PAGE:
• If patient misses a dose, tell him to apply dose as soon as he remembers. However, if it's almost time for next dose, advise him to skip missed dose and resume regular dosing schedule.

• Advise patient to contact prescriber if skin infection doesn't improve within 3 to 5 days or if it worsens.

• Caution patient not to apply drug to eye or mucous membranes (except nasal form for intranasal use).

• As appropriate, review all other significant adverse reactions.

mupirocin

Dermatology A topical bactericide that inhibits bacterial protein synthesis. See Methicillin-resistant Staphylococcus aureus.

mupirocin

A broad-spectrum antibiotic used externally on the skin and as a nasal ointment to treat carriers of staphylococci. Brand names are Bactroban and Bactroban nasal.
References in periodicals archive ?
Current treatments include a new topical antibiotic, ozenoxacin (Xepi), retapamulin (Altabax), and the old topical treatments such as mupirocin and fusidic acid (not available in the United States), which are still widely used as first-line therapies.
The minimum inhibitory concentration (MIC) for vancomycin and mupirocin were determined by the broth microdilution test as recommended by CLSI.
The introduction in the mid-1980s of mupirocin calcium ointment led to its widespread use as the decolonization agent of choice for preventing S.
This treatment was as effective as nasal mupirocin. However, mupirocin is not available in China at this time and it is significantly more expensive.
Empiric therapy like anti-MRSA antibiotics should be in consideration.[4] There were no isolates resistant to linezolid, tigecycline, fusidic acid, mupirocin, and vancomycin.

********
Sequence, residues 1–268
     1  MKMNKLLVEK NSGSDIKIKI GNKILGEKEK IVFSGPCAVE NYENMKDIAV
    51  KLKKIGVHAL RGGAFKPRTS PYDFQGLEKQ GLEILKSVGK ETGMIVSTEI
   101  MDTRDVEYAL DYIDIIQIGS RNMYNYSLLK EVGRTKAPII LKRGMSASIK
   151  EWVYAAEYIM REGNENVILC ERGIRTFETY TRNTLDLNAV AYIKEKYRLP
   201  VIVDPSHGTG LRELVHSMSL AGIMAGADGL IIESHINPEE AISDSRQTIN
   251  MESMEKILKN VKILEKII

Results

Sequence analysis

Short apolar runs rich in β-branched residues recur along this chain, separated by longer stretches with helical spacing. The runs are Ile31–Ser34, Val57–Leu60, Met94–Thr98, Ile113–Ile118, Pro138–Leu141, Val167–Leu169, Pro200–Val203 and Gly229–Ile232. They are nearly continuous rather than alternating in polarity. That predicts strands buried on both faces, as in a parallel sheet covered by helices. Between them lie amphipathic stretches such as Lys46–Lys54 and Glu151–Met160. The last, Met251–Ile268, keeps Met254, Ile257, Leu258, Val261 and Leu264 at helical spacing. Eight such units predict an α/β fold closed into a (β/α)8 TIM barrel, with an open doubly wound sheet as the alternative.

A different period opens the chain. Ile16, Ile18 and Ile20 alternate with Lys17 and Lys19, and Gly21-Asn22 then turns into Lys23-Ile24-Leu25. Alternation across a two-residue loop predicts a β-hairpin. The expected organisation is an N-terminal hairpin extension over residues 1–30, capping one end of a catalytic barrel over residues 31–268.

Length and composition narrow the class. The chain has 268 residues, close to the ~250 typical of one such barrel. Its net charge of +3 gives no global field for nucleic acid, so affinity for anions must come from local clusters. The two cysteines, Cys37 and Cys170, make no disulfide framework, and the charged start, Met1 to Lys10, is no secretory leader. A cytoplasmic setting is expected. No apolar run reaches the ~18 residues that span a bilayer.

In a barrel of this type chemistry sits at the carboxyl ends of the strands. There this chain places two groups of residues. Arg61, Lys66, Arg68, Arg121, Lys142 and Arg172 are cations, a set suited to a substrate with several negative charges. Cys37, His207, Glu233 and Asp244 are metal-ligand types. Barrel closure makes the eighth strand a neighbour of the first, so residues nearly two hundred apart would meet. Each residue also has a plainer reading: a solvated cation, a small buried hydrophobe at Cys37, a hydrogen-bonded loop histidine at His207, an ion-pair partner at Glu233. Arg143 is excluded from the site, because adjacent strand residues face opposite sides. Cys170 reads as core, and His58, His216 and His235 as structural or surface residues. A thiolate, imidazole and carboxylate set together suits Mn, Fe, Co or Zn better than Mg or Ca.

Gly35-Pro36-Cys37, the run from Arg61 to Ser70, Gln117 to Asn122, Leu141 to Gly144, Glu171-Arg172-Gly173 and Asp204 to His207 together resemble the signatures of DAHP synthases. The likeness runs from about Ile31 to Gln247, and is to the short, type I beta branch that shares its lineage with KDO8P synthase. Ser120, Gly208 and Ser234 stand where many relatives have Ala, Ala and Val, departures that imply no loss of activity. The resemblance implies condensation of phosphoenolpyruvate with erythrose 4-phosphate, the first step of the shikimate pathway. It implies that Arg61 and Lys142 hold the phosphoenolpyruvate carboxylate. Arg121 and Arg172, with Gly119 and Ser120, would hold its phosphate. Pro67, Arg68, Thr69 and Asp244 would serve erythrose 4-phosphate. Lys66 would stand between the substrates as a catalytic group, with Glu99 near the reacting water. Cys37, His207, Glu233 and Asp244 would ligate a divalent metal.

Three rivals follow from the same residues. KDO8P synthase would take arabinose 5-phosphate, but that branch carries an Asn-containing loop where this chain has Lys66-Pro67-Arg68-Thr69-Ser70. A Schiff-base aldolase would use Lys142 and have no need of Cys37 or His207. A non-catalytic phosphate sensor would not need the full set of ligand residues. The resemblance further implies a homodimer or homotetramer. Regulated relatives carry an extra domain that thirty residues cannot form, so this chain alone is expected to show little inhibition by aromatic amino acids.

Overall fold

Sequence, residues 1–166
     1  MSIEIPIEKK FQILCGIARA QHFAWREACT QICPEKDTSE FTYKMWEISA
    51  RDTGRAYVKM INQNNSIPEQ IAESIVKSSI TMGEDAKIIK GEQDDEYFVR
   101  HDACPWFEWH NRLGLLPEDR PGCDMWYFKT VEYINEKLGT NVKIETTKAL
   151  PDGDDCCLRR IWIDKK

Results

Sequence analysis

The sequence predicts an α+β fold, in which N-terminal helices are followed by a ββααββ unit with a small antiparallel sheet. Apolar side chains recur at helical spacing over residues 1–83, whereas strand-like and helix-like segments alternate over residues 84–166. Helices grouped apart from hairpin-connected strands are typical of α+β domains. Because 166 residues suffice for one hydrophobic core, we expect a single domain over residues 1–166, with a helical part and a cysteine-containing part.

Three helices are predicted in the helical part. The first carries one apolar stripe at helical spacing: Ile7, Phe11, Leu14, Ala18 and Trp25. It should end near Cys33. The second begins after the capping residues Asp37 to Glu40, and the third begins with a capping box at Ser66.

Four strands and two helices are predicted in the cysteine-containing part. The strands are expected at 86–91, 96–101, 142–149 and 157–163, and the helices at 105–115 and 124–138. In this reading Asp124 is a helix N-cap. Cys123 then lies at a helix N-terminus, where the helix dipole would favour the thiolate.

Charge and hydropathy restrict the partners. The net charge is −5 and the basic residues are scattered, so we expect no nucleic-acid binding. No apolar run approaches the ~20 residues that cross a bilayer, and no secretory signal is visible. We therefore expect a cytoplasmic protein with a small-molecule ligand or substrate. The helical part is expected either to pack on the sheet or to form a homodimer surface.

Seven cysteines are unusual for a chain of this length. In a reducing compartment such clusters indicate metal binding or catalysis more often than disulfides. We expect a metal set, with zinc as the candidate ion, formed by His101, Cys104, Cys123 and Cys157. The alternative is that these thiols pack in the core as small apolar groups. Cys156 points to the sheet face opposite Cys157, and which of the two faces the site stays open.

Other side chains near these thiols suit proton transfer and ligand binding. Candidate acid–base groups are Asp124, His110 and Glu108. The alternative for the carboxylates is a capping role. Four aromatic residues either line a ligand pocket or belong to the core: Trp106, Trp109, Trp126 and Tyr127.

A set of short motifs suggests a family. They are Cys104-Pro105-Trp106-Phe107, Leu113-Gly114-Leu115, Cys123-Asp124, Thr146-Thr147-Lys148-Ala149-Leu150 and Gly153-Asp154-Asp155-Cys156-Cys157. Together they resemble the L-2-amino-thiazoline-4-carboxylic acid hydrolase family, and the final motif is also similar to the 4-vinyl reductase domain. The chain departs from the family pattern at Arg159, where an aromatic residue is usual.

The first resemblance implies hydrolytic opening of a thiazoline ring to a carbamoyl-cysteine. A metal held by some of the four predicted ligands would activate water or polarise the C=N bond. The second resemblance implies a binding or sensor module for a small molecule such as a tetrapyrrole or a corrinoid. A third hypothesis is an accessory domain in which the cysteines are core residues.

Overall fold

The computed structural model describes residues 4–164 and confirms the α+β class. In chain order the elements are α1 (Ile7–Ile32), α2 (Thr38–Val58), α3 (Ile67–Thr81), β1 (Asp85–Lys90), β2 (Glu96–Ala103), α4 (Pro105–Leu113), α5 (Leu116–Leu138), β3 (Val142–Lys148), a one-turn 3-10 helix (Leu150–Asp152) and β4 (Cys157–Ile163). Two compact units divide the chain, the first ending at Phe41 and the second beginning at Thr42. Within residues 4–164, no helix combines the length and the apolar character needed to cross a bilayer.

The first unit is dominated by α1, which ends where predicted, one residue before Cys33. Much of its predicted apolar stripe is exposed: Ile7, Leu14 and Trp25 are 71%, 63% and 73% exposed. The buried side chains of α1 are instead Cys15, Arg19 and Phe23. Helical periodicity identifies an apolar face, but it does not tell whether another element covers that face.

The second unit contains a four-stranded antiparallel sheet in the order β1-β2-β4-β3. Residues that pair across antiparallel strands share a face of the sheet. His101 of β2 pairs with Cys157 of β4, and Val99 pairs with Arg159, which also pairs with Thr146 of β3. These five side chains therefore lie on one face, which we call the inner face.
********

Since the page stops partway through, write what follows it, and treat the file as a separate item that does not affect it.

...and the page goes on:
The main antimicrobial used for nasal staphylococcal eradication is mupirocin. Mupirocin, an antibiotic based on a chemical produced by the bacteria Pseudomonas fluorescens, has been used for this purpose since the 1980s when it was shown to be effective at eradicating staphylococcus aureus bacteria.
(7) Minimum inhibitory concentration (MIC) to mupirocin was determined by Etest[R] (AB-Biodisk, Solna, Sweden).
Test group--Topical calcium mupirocin 2% (GlaxoSmithKline Pharmaceuticals, Mumbai)
Mupirocin Calcium is used for the topical treatment of secondary infected traumatic lesions such as small lacerations, sutured wounds or abrasions.
According to drug sensitivity patterns, vancomycin was found sensitive in 100%, linezolid 98.9%, mupirocin 96.8%, rifampicin 95.7%, chloramphenicol 94.7%, clindamycin 86.2%, amikacin 84%, moxifloxacin 83%, fusidic acid 79.8%, gentamicin 76.6%, oxacillin 69.1%, ciprofloxacin 68.1%, amoxicillin-clavulanic acid 62.8%, erythromycin 60.6% and trimethoprim- sulphamethaxazole 57.4% of cases.
A / ALTHOUGH EVIDENCE IS LACKINGING to support a single best treatment for impetigo, topical mupirocin, fusidic acid, gentamicin, and retapamulin are all at least 20% more likely than placebo to produce cure or improvement (strength of recommendation [SOR]: A, meta-analysis of randomized controlled trials [RCTs] and a single RCT of retapamulin).
A randomized controlled trial of topical exit site mupirocin application in patients with tunneled cuffed haemodialysis catheters.